Israel proved the most difficult country to do an event for the book. The problem wasn’t that the book was on a gay topic, but rather, I think, that it looked at Muslim and Arab issues. I had a meeting in Tel Aviv at the aguda, the gay center, and one of the activists told me that “anything pro-Arab is seen as anti-Israel.” While I’m not sure if that was his view, it put things in perspective, especially as five months of planning an event in Israel had to that point proved fruitless. It was fascinating at that meeting to hear discussions on gay Palestinians and what more could be done to help, but the activists also argued about the separation wall. It took a second visit to Israel, which happened this past April, before I was able to mount an event (with the help of my friend Shabi Gateneo of Gay Middle East and Russell Lord of Kenes Travel). On this very successful visit, I even had a conversation about a possible Hebrew edition of the book.
Perhaps the most interesting event was in Cairo, a place infamous for the Cairo 52 event, where several Egyptian men who were on the Queen Boat were arrested and tortured in a horrible show trial in 2001. Most people thought I would never be able to have an event here, but I was hosted by El Balad bookstore, across from the American University of Cairo’s downtown campus. There were nearly forty men and women in attendance, including a few journalists. I was told the event could have been shut down at the last minute by the Egyptian police, but it went on as planned. The event was concurrent with the Cairo Book Fair, the world’s second largest book event after the Frankfurt Book Fair. It turned out it was easy to have an event in Cairo. Bringing books into the country—not so much. Arab Diffusion, my Beirut book publisher, was afraid that if they brought my book to the Cairo fair, all of their books would be seized. At the reading, the attendees made many jokes about who in the room was part of the secret service, coming to make lists of those attending. After the event, several gay journalists from Egypt e-mailed me, voicing their fear of writing about the book.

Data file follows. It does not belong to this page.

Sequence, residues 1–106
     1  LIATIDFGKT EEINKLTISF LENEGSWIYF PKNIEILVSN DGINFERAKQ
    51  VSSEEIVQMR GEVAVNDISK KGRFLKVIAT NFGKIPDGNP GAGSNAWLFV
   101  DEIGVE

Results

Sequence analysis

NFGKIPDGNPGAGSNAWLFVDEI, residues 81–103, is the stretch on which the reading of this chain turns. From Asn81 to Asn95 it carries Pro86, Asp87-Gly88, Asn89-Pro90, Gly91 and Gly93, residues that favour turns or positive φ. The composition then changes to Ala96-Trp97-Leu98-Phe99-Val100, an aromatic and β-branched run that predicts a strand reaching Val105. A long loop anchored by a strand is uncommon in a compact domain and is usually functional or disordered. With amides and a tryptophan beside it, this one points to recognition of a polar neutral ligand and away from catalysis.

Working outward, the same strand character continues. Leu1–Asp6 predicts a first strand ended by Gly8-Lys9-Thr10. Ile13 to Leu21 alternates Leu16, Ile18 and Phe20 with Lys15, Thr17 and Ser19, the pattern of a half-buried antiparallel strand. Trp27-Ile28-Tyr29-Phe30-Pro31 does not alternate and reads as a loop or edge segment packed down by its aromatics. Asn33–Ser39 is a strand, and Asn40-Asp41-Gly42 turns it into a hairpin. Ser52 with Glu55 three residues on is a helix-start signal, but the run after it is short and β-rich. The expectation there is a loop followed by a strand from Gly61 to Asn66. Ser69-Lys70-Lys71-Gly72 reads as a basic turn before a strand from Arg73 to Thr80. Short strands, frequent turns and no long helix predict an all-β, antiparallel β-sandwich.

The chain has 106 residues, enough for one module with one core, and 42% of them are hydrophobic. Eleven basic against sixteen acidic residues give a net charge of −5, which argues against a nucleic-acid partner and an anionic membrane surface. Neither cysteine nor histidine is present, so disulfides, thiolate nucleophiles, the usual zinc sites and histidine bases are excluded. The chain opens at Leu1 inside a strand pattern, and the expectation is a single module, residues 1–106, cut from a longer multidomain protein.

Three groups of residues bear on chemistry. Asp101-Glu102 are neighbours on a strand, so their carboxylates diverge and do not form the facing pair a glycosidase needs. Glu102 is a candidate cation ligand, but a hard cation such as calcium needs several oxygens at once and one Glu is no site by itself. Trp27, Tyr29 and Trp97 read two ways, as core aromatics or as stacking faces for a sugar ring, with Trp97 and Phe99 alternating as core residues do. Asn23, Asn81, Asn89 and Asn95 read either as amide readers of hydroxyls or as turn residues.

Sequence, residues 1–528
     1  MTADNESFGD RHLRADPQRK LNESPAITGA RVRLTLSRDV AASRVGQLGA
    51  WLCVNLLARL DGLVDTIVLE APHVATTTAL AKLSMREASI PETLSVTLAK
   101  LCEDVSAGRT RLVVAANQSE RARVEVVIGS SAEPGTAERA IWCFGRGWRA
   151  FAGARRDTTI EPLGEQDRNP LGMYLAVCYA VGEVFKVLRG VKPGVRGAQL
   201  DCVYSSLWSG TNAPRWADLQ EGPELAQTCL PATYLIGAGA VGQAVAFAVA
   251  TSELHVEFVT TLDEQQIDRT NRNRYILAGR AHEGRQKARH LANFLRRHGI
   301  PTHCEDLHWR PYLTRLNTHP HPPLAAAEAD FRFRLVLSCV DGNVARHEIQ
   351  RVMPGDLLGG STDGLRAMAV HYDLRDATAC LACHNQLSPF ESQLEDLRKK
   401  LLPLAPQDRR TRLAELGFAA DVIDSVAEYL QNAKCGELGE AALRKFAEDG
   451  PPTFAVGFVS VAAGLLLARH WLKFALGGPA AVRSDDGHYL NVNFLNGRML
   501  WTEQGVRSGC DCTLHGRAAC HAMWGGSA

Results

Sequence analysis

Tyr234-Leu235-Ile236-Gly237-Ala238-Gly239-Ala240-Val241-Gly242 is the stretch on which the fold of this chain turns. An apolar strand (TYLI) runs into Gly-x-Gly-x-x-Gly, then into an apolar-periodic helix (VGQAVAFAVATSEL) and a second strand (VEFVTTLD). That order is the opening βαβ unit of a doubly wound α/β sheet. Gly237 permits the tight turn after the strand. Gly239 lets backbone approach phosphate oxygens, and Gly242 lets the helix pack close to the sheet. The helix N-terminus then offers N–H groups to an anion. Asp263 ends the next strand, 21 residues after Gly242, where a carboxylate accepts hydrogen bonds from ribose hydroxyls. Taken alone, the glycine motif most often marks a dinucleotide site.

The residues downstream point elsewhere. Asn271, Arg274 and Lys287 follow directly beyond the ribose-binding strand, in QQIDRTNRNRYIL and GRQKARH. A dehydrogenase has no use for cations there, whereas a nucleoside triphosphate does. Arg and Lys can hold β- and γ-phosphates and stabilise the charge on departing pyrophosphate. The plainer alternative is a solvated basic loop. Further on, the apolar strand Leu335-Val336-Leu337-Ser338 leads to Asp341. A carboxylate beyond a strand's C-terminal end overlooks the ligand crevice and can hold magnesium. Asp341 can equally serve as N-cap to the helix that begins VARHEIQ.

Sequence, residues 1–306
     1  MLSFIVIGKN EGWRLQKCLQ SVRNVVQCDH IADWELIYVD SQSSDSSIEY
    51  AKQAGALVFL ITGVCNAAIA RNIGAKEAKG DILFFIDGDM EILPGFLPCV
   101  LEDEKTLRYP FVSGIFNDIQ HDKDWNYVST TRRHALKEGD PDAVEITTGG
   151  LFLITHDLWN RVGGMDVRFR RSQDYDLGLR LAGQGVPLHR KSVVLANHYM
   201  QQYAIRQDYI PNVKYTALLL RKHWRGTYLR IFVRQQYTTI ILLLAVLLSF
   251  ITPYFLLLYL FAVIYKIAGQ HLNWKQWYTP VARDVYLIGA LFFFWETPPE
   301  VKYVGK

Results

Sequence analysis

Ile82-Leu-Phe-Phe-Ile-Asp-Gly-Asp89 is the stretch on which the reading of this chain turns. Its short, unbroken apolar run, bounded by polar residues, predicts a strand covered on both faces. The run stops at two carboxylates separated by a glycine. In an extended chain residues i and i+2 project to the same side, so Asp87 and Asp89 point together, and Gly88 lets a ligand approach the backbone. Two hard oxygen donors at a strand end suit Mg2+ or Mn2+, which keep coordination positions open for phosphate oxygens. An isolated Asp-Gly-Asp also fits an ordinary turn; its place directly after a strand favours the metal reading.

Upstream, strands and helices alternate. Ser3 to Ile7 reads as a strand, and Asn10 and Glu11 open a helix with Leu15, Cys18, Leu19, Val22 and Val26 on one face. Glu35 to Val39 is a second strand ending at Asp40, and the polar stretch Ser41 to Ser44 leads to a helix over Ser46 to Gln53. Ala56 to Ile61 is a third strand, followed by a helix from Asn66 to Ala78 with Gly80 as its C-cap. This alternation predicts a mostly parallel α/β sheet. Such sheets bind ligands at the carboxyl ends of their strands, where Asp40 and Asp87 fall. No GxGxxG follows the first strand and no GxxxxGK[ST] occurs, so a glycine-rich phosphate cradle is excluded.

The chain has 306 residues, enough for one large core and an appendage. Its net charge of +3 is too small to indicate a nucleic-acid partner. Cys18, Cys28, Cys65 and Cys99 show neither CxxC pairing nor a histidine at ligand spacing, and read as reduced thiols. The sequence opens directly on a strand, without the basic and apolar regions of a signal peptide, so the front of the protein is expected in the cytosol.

I’m writing this essay from Ramallah, in the West Bank, where I’m working on mainstream travel articles on Palestine. That’s how I finance all my gay work in the Middle East. It makes it difficult to balance the editorial needs of my editors. My heart is in the work though, in spite of the obstacles. This work—both gay and mainstream—has brought me to the most newsworthy places of our times, including reporting twice from Baghdad.
My travels have also brought many surprises, such as learning that the book is for sale in Baghdad—as it is throughout the Middle East from Morocco to Iraq. Yet writing this from Ramallah, so close to the Israeli border, I have found a few more challenges. The gay Palestinian groups I know were reluctant to provide me with contacts here. Ramallah is a surprisingly cosmopolitan city—full of bars and clubs and gourmet restaurants. If all you know of this city is Yasir Arafat and the Palestine Liberation Organization, you’ll be happily shocked. But for all its cosmopolitan nature, there is virtually no sign of gay life here. Even Baghdad, where gay men were being killed, seemed an easier place to reach gay men and get them talking about their lives. It shows for me as a travel writer that there’s no substitute for being there. We cannot learn by the Web alone. And being there is what breaks down barriers.
Michael Luongo is the author/editor of Gay Travels in the Muslim World (Harrington).